Dr Reza Shah-Kazemi Audio
Dr Reza Shah-Kazemi (audio extracts)

Dr Reza Shah-Kazemi continued with the theme of the inner reality showing us how "Meister Ekhart in Christianity and Ibn Arabi in Islam help us go from the religious form to the spiritual essence. From the outer teachings of religion to the inner mysteries from which these teachings derive all their transformative power." Again and again these two great mystics were shown to be more than just similar in their conceptualisations and realisations; they were in fact, constantly converging at the highest level of spiritual discourse. One had the feeling that we were witness to a meeting point at the very summit of spiritual attainment, whilst each saint remained utterly true to their own religious tradition. Dr Shah-Kazemi also emphasised that both saints wrote at length about the long religious and spiritual training that was a prerequisite for these lofty realisations on the spiritual path.

Music and Poetry

A passage from Ibn Arabi's 'Book of Theophanies' (Kitab al Tajjaliyat) was then read, accompanied by the Persian ney (reed flute), played by Mustafa Karami. This majestic and sublime poem describes the incredible intimacy between God The Beloved, and His servant, the lover, the ney constantly providing an inspiring background for moments of reflection between the soaring verses of poetry.

Dr Harry Oldmeadow Audio
Dr Harry Oldmeadow (audio extracts)

Dr Harry Oldmeadow, in his engaging and good humoured way, reiterated and clarified many of the essential points of the traditionalist school of thought. Telling us that if we are to gain a deeper understanding of the inner and outer aspects of our own religious tradition, as well as a deeper understanding of any other tradition, then there are three essential principles to bear in mind. First, that there are multiple revelations, "God has not spoken only once, God has spoken many times". Secondly, "it follows that there must necessarily be many different religious forms". Also these forms are not man made, they are a whole system of symbols that have come through revelation, and as such we owe respect to them. Finally, that all religions are made up of an outer and an inner, the shell and the kernel. He continued "it is not a matter of rejecting the outer aspect. The forms of any particular traditions cannot survive without the animating impulse, the life, the vitality, the energy, which is provided by the esoteric dimension, which is the mystical stream of the religion."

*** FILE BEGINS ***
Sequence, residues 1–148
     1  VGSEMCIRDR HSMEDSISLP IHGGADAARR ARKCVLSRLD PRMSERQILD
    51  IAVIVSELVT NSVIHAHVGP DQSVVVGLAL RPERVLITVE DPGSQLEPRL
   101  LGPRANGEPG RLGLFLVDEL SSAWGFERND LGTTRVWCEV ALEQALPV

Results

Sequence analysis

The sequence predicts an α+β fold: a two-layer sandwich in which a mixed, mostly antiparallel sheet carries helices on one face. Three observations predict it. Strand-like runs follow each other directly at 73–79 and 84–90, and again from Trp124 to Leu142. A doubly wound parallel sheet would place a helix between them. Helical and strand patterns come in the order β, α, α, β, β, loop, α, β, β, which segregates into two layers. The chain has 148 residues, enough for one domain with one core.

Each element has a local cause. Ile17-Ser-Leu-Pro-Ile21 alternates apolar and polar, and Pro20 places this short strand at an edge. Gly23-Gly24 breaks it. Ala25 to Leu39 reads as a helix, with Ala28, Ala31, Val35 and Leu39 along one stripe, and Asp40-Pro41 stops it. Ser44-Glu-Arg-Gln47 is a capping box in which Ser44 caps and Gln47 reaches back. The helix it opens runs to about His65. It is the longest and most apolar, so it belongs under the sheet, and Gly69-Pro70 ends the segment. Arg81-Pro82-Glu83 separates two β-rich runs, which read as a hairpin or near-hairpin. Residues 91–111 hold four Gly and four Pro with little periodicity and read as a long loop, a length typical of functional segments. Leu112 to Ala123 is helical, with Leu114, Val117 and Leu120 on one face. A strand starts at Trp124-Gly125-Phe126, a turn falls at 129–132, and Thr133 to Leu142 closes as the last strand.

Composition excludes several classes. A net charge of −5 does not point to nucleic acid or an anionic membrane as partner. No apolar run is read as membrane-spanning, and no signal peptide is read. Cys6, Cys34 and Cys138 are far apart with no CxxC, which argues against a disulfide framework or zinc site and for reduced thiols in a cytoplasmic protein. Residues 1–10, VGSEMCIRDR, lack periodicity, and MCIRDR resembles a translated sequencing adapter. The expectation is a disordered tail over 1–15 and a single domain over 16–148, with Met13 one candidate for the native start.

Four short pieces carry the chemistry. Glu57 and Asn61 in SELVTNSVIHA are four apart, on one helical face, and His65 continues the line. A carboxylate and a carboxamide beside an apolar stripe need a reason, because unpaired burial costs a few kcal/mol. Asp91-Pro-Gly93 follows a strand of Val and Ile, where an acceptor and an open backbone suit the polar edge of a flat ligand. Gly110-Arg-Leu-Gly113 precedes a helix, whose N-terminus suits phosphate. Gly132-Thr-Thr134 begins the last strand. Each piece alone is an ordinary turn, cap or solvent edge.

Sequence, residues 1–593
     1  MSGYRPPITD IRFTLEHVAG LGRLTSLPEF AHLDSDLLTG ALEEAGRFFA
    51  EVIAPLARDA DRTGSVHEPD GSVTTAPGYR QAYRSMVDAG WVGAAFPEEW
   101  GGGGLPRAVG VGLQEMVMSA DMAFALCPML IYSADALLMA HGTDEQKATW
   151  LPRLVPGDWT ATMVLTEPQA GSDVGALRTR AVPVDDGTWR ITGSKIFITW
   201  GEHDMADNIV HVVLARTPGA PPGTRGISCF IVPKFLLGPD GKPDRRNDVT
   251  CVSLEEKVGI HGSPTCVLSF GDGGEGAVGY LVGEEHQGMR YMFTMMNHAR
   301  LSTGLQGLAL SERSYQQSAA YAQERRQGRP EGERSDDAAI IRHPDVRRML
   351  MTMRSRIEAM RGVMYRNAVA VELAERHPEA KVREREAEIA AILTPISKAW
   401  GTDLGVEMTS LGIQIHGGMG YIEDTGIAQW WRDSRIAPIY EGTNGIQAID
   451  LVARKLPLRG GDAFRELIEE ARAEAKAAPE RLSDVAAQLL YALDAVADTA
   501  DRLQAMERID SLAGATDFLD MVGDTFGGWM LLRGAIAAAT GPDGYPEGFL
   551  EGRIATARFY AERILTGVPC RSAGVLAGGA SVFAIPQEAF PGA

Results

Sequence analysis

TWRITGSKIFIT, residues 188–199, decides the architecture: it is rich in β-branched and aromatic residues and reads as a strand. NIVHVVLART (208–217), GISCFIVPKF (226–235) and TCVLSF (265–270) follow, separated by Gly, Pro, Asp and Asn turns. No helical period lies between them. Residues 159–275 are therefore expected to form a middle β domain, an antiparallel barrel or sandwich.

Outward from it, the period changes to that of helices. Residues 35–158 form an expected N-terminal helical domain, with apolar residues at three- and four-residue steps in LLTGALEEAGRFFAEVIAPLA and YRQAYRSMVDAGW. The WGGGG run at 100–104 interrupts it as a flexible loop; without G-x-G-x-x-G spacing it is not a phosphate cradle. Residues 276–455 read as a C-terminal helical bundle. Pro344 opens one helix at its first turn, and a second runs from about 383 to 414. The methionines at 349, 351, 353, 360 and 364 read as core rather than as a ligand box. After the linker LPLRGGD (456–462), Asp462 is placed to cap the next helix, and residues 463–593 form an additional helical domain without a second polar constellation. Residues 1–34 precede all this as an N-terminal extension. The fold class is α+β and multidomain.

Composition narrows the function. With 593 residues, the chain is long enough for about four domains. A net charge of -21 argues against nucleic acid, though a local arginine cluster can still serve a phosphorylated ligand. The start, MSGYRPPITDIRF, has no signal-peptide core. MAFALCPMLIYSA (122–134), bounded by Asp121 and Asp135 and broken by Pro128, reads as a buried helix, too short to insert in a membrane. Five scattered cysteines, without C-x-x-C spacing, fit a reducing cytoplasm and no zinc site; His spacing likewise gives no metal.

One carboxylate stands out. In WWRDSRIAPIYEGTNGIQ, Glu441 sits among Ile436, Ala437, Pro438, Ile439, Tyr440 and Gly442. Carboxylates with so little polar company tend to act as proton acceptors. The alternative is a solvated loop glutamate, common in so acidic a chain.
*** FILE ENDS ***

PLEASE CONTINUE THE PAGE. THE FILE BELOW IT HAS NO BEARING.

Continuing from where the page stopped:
Dr Rodney Blackhirst Audio
Dr Rodney Blackhirst (audio extracts)

Dr Rodney Blackhirst started with a discussion of one practical aspect of the spiritual path, which in Islam is called Zikr Allah, the Remembrance of God and which has its counterpart in other religions. From this very practical starting point, he took us on an extraordinary journey looking at the Prophetic cycle of the three monotheistic religions through an uncommon and esoteric perspective.

He showed us the ways that Judaism has become an outer religious form, while Christianity has focused on inner teaching, both without a harmonious balance between the inner and outer so that one aspect has become emphasised to the extent that the other is obscured. He said the Islamic revelation was a corrective with clear distinctions between inner and outer aspects of religion and a restoration to the lost balance.

Panel Discussion

Then the speakers took to the stage for a panel discussion. Fleur Nassery Bonnin facilitated this panel, giving speakers the opportunity to delve more deeply into their topics. In this casual and intimate forum, the audience experienced these experts exploring the deeper esoteric aspects in the spirit of open dialogue.

Anna McDonald, Warwick Payne and Mustafa Karami

The day was brought to a close with some beautiful Sufi music, which both moved us and gave us time to integrate some of the teachings of the symposium, of which they were many deep and inspiring gems for those who had ears to hear.


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For further information contact the
Australian Centre for Sufism and Irfanic Studies (ACSIS)
Phone: (02) 9955 SUFI (7834)
or email: acs@australiansuficentre.org